“The Waystone Inn lay in silence, and it was a silence of three parts.” And I broke that silence with a slow, powerful applause. Patrick Rothfuss has done it again. The Wise Man’s Fear takes place directly after his debut novel The Name of the Wind (my review here) and it doesn’t miss a beat. My main concern with the first book was its pace. The story was more than excellent and a ten out of ten, but it just lacked a little pace. The Wise Man’s fear corrects this and takes the events of the first book up a notch.
To recap The Name of the Wind and The Wise Man’s Fears is a bit much, but to give a general background to the story and setting is too little. Broad themes will have to suffice: Both books are parts of a planned trilogy called the Kingkiller Chronicle. The entirety of the tale is told like a story, and almost plays out a bit like the Princess Bride, just not the comedy aspects. Actually scrap that. The main protagonist of the story, Kvothe, is quite possibly the greatest legendary figure in song or story but is in hiding and presumed dead. However, due to a keen eared traveling chronicler, he is found and the man wants his story in full. So Kvothe gives it to him in the span of three days. By the end of The Wise Man’s Fear we reach the end of the second day. Throughout the recounting Kvothe finds himself learning magic at the university, finding love that he can’t understand, saving the lives of many, and learning an ancient form of martial arts just because, all the while slowly unraveling a mystery that’s plagued him his entire young life.
Patrick Rothfuss’ skills as a writer grew immensely after his debut work and we see that in this installment he truly excelled at world-building, at culture-creating and clashing. The world he built in the Name of the Wind was merely foundation for The Wise Man’s Fear, as he introduces us to three very new, very fresh societies and realms, each capable of being their own book. The world he’s created and the rich history therein is ripe with opportunity for fan fiction to abound and flourish. It’s funny. So much actually goes on in this book, and being that I started reading it right after the first one, I can barely remember where the first book ended and the second book began. Feels like years ago. And that’s part of the magic of the series. It’s a story of a man’s life, but rarely does it ever feel like a time-lapse – rather, it feels like you’re living his life through his eyes.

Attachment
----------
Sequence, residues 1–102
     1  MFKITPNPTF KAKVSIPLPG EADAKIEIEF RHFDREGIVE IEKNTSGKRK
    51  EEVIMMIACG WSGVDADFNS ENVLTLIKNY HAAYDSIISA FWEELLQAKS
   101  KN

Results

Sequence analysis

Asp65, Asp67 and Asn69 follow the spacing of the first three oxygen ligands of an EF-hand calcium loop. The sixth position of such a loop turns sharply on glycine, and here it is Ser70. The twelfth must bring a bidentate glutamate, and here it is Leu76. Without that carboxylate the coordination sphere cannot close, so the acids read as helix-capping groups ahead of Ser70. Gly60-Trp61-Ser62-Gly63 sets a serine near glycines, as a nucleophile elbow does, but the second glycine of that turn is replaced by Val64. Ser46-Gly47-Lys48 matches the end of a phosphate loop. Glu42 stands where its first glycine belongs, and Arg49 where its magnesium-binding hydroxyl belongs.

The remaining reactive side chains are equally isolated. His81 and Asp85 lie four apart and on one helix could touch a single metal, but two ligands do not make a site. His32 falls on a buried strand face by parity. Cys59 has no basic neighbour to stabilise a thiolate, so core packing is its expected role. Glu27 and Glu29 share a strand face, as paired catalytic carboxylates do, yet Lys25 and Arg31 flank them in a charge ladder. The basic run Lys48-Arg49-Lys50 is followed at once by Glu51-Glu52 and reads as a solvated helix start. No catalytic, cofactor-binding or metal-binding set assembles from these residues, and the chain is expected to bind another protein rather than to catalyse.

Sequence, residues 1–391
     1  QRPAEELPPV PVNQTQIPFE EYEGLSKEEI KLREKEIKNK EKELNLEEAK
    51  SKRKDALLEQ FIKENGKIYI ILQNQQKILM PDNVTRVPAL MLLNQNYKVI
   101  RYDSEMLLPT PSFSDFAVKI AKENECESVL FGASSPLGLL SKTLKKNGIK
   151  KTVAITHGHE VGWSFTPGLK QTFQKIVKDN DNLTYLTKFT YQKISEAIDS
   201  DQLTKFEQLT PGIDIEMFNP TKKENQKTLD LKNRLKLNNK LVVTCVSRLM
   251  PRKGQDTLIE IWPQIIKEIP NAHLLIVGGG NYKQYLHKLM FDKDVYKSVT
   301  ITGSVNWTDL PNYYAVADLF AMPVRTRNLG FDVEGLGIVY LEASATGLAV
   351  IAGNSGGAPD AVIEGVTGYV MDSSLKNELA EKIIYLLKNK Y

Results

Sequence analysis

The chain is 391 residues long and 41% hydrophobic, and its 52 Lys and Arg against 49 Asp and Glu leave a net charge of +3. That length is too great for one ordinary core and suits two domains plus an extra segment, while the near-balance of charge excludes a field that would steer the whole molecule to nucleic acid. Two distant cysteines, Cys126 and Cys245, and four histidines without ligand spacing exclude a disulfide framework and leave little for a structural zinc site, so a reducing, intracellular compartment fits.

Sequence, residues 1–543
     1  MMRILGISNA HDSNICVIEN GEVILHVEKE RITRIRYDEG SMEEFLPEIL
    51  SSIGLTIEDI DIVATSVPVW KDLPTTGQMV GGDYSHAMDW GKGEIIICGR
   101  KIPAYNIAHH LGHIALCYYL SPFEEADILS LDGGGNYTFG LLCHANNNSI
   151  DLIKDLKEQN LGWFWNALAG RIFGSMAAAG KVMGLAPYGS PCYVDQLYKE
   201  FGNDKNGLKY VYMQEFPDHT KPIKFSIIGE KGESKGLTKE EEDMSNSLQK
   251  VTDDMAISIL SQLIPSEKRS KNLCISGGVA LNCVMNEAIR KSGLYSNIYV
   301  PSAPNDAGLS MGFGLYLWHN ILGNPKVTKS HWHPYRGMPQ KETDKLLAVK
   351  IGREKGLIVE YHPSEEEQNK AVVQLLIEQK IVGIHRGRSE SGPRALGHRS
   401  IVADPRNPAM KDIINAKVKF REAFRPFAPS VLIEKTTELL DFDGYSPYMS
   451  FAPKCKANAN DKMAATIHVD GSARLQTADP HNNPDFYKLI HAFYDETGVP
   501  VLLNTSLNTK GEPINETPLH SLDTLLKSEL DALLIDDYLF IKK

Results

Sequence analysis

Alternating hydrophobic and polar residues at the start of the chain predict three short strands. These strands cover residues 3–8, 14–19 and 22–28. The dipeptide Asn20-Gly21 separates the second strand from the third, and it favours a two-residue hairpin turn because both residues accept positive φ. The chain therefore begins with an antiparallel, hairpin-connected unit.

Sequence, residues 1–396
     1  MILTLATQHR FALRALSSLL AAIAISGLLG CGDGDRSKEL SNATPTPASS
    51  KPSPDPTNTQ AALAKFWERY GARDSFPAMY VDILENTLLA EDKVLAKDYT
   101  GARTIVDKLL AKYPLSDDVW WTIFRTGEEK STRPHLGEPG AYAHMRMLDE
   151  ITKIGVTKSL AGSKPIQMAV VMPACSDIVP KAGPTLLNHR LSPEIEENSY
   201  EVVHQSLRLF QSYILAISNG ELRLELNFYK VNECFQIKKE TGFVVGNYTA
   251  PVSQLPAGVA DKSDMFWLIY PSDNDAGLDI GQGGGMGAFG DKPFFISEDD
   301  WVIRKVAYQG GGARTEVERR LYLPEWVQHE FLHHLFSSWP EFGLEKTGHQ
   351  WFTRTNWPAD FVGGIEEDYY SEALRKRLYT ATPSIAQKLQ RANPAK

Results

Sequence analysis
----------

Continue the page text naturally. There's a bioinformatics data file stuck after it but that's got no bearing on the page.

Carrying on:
Why so much praise and I’m only giving the book a 9? Because it feels like it’s holding back. Rothfuss knows the conclusion to the story, he knows what he’s yet to reveal to us, but littered throughout the second book are hints and clues so that we can attempt to draw and grasp at theories that may or may not be correct. I’ve got a few theories of my own actually. But another reason it’s not the perfect book for me is that, although it doesn’t drag on, it is exceptionally long, and as it’s the middle of a story it has no true beginning or end. A minor quibble, however, as it’s the best book I’ve read in years.
It does seem as though Rothfuss’ original draft for the book was a bit longer and he cut it down some. There seems to be a few places where Kvothe purposely doesn’t tell certain parts of his story, and it seems this has more to do with it’s unnecessary nature in the narrative than as any real plot device.
If you need a new read for Spring, try Patrick Rothfuss The Kingkiller Chronicle out. You will not regret it. Just keep in mind that if you’re planning on gifting the series to anyone, The Wise Man’s Fear is a far more mature departure from The Name of the Wind. If the first book felt more like Game of Throne’s Arya going to Hogwarts, this book feels more like Harry going to Westeros.